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Camembert and Brie, molten heaven

(Photo: jackmac34 on Pixabay)

Creamy, nutty, luxurious, world famous. And even better when baked.

Camembert or Brie; what’s the difference other than one being round and the other often sold as a wedge? Do they smell the same, taste the same? And which, like the chicken or the egg, came first? This column is best served with this recipe.

The answer to the last question involves the small matter of a thousand years. Brie is thought to have existed since the 8th century; Camembert surfaced in 1791 at the earliest, though some sources place it in the 19th century.

Brie is milder and regarded as more refined. Says the Président website, and they seem to know a few things about cheese, “Brie is famous for pairing a mild flavour with a luxurious texture. It has a soft and creamy mouthfeel that has earned it a worldwide reputation. Camembert’s taste is deeper and slightly more intense. It is often described as earthier than Brie. Texturally, it is found to be denser, while Brie is a little bit softer.”

The history of Camembert is not entirely clear. It was “reputedly” first produced in 1791 by a Normandie farmer called Marie Harel, according to Wikipedia, along with one Abbot Charles-Jean Bonvoust. Harel had worked as a cheesemaker at Beaumoncel manor and made Camembert cheeses in the regional way. “Her main contribution was to have initiated a dynasty of entrepreneurial cheesemakers who developed the production of Camembert cheese on a large scale, notably her grandson Cyrille Paynel, born in 1817, who created a cheese factory in the commune of Le Mesnil-Mauger in Calvados at France.”

Note that date, 1817. Because Wikipedia goes on to say that the “origin of the cheese known today as Camembert is more likely to rest with the beginnings of the industrialisation of the cheesemaking process at the end of the 19th century”. Read: late 1800s. But what the online encyclopedia seems to mean by this is that Camembert in those now famous little boxes was introduced in 1890 when “an engineer, M. Ridel, devised the wooden box that was used to carry the cheese and helped to send it for longer distances, in particular to America, where it became very popular”.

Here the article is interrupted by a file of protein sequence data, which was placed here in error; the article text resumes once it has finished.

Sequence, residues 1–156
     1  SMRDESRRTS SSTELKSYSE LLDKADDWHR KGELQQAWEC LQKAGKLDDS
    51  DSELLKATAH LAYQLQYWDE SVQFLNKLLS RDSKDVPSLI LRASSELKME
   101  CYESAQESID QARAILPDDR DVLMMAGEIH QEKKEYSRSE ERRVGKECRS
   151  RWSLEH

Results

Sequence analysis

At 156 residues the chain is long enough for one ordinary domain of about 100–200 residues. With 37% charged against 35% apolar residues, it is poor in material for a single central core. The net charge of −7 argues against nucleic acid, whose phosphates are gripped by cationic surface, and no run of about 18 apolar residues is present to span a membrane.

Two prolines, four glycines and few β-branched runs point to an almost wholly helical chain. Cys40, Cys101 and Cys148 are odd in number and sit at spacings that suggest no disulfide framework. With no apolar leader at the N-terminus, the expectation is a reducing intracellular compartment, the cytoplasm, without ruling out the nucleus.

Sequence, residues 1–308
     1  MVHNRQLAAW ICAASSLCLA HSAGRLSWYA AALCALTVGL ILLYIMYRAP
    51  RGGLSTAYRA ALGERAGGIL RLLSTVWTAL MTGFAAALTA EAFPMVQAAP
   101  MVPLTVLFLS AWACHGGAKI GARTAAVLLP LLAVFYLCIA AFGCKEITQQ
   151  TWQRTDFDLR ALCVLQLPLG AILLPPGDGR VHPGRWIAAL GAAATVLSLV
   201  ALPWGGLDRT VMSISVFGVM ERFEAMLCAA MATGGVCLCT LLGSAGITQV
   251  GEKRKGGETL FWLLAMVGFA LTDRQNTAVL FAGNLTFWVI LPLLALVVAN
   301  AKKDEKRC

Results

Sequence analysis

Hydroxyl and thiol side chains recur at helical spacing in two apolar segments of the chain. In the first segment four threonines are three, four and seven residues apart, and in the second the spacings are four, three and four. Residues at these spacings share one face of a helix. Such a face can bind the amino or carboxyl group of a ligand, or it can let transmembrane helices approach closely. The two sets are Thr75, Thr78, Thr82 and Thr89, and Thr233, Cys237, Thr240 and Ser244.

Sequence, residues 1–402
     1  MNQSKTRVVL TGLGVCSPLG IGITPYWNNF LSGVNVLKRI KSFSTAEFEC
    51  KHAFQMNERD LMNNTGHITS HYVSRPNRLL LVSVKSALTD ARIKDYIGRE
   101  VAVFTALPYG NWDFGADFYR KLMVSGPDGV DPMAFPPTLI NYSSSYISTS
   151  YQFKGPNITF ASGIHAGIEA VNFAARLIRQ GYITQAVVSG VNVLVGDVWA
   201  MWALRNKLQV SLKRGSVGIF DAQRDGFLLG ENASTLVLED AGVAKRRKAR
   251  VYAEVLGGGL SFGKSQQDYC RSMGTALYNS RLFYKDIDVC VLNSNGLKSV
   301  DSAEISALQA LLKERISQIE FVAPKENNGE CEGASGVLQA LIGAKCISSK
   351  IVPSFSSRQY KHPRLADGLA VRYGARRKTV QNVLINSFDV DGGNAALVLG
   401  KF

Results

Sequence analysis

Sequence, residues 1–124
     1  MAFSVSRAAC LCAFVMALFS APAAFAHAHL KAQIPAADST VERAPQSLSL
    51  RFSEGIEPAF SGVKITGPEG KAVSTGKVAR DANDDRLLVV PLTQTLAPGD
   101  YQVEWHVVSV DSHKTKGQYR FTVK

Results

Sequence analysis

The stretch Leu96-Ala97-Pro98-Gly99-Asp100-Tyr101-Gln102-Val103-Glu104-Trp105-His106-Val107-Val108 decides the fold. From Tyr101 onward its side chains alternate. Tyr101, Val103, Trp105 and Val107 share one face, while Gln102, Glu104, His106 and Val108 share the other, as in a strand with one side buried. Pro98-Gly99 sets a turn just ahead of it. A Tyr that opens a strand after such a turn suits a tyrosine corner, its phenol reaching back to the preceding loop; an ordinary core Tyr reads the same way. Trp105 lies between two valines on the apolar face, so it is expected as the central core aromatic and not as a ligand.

But in its biography for Marie Harel, Wikipedia notes that “since the end of the 17th century [that’s the late 1600s] a renowned cheese was being produced in the Camembert region of Normandy. In his Geographic Dictionary, published in 1708, Thomas Corneille wrote: ‘… every Monday a large market is held, to which are brought excellent cheeses from Livarot and Camembert’.” However, Wikipedia continues, “according to a later legend which appeared at the beginning of the 20th century, the invention of Camembert cheese was attributed to Marie Harel who would have benefited from the advice of a refractory priest, Abbot Charles-Jean Bonvoust, who was hidden in 1796–97 at the Manor of Beaumoncel where she worked. Supposedly, he was a native of Brie and passed along to Marie a recipe for a kind of cheese with a bloomy edible rind, such as was produced in his native area. In reality, Bonvoust came from Pays de Caux. This apocryphal story, for which there is no evidence, is still often accepted as true.”